Cristina Fernandez raps business, farmers and unions: Argentina is not Disneyland
Argentine President Cristina Fenandez again full of stamina criticized farmers, business people and workers’ unions, and at the same time called on all sides involved to live in the real Argentina, “not fantasy land, because Argentina is not Disneyland”.
The first to be reprimanded was the business community. President Fernandez promised to keep defending the domestic market and industry but warned the counterpart “is increased investment”.
CFK announced the dismantling of the previous policy of subsidies and those funds, she said, will now be made available to businesses as loans, so they can increase production capacity, create more jobs and ensure a fair distribution of income and salaries.
“Productivity is fine but not always at the cost of jobs, which means many Argentines then remain jobless or have to work in the black market with no protection”.
A committee was specially created with the Minister of Industry Debora Giorgi and the Planning Secretary Axel Kicillof with the purpose of surveying salary increases in the different sectors, profitability and how the government through tax breaks, soft loans, subsidies and special schemes contributes to such a situation. This will be measured against the level of private investment.
“The state will protect domestic industries but this must not mean because there is no imports’ competition prices will go up, we’re going to make sure this does not happen”, said CFK
The lack of investment or reluctance to invest was also the main focus of the presidential message to farmers who she said, “keep asking God for rain and when it doesn’t rain they ask for money from government”, while recalling that there are plenty of insurances for hail, frost and droughts.
The time has come for every farmer to contract and pay insurance as most people do, said CFK adding that “farmers have had excellent earnings and will continue to have”.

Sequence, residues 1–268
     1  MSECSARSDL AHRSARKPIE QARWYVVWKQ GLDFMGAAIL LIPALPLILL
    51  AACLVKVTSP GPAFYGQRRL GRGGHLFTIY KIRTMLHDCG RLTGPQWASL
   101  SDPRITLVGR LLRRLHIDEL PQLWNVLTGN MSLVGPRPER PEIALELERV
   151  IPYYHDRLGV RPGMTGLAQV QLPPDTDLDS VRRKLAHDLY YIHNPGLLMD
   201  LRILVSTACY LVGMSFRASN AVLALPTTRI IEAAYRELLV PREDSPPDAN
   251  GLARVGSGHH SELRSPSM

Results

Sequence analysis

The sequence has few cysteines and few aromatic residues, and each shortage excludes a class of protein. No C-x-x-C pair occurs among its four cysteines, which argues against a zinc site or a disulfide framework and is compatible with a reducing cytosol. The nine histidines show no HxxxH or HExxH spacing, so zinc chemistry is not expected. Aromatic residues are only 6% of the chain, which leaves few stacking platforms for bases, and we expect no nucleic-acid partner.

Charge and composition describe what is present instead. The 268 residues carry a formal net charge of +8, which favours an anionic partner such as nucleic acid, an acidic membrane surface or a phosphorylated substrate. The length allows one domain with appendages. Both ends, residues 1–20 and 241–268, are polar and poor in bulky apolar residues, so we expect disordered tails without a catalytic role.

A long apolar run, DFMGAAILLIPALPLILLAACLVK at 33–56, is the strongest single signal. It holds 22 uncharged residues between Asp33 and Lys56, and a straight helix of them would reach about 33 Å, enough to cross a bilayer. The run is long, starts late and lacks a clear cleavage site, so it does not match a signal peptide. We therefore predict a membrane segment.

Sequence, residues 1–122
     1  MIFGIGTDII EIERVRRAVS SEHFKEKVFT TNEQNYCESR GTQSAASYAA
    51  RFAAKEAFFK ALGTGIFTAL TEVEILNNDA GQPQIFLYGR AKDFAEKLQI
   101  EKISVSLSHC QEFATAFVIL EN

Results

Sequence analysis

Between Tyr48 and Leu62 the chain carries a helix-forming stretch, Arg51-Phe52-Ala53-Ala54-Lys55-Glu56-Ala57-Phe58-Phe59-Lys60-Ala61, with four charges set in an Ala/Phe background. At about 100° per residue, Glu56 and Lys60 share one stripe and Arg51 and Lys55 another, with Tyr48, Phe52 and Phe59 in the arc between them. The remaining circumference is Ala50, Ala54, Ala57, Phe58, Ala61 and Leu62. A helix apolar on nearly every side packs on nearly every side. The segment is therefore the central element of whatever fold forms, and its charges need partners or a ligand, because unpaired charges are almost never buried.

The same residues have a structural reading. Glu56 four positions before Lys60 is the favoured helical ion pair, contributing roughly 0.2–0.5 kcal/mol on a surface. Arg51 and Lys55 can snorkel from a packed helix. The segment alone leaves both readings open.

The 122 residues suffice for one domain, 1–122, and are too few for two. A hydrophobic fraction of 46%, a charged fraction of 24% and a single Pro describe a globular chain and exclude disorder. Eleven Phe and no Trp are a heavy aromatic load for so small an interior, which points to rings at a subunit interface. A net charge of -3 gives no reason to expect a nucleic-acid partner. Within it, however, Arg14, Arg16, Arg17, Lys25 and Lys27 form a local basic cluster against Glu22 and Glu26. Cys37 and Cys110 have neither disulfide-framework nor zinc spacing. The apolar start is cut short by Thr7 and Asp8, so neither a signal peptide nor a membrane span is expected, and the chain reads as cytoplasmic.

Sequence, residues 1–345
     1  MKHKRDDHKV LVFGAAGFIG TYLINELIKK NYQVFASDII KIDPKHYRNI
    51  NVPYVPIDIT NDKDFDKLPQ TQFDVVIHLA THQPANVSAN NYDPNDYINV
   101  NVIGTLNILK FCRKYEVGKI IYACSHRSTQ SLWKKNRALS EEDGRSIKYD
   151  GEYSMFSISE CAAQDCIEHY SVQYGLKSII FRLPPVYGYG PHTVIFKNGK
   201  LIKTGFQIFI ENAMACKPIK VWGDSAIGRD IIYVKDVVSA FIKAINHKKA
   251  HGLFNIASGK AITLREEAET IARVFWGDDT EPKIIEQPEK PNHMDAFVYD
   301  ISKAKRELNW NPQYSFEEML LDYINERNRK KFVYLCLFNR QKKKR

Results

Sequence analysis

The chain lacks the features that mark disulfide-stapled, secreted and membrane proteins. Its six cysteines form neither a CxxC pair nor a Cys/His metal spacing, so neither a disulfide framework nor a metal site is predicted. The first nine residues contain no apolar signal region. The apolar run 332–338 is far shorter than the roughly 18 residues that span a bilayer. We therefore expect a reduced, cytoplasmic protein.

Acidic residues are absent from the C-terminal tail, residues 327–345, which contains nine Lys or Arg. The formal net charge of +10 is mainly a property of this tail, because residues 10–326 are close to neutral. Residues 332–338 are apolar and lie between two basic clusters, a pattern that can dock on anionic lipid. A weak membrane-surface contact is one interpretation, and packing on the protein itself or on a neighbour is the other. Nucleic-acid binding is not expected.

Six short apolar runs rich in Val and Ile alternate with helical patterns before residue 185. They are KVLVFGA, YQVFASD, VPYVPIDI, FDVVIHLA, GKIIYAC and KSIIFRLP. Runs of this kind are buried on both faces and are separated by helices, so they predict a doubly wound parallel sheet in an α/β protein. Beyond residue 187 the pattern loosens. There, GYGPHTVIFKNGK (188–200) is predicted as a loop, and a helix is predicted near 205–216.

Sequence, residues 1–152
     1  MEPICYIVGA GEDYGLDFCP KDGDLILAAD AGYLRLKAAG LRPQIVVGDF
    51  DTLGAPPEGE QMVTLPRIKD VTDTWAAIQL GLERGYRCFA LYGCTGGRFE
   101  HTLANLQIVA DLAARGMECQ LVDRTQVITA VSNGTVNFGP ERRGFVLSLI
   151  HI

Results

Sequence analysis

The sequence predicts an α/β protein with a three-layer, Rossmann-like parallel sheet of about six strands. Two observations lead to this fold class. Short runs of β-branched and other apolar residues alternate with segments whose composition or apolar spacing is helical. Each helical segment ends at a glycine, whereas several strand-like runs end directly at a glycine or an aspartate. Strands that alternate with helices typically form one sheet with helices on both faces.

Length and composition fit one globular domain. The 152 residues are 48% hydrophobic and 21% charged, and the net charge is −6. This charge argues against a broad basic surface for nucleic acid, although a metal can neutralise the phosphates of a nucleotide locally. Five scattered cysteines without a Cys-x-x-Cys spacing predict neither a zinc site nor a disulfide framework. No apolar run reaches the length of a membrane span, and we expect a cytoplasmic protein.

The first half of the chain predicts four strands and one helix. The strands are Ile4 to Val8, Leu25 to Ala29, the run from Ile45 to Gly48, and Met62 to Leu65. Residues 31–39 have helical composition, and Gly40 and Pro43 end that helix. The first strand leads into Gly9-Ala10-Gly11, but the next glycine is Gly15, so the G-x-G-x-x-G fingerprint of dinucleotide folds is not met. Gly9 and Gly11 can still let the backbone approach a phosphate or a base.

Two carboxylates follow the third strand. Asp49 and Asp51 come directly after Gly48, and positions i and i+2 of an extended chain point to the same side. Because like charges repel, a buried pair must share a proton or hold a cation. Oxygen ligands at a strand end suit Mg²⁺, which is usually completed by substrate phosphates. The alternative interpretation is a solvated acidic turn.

“I have instructed the Minister of Agriculture to address the insurance policy against hail, frost and drought which will be the official policy to implement”, while the government will contribute with its share of irrigation projects”.
Farmer organizations were quick to reply and said that the insurance policy does not cover the whole geography of Argentina, because of the lack of interest from the State and underlined that when crops and prices are good, “the State is a big partner in the profits but when things go bad as currently because of the drought they tell us to go to the banks to ask for money”.
Finally and with special irony the Argentine president talked about an article in Spain’s main daily EL Pais which analyzes the labour situation in that country.
“While here every week we inaugurate housing, we expand factories and help farmers with the drought”, in Spain there is a massive salaries’ cut and the unions are planning an escalating strategy which has as its culminating point, a strike”.
She went on to say “how lucky the Spanish business people and the Spanish government: they announce salary cuts, redundancies and the union leaders are thinking of some form of strike but on the long term”.
Further on the president claimed that the satisfied (Argentine) unions together with business people don’t seem to care much about all those workers that are unregistered and work “in the black economy”.
“May I remind them that it is the responsibility of good union leaders to look after the well being of all workers and not only those comfortably protected by their unions”.
Argentine unions led by Hugo Moyano from the organized labour powerful CGT are asking for over 20% increase in the ongoing collective bargaining talks as the government has recommended not to go beyond 18% as part of the austerity measures triggered in anticipation of what in considered a “complicated 2012” because of the outside shocks”.
Plus the fact that inflation is out of control, over 25% in spite of the official 9.8%.
Finally CFK said that the 40 million Argentines should be well aware of the world “we live in and the Argentina that we have” and called for the defence of the current economic inclusive development model.
“We’re not the best nor do we live in Disneyland, but we must understand and learn to live the real Argentina, not fantasy land, because Argentina is not Disneyland, so let us look after what we have”, she concluded.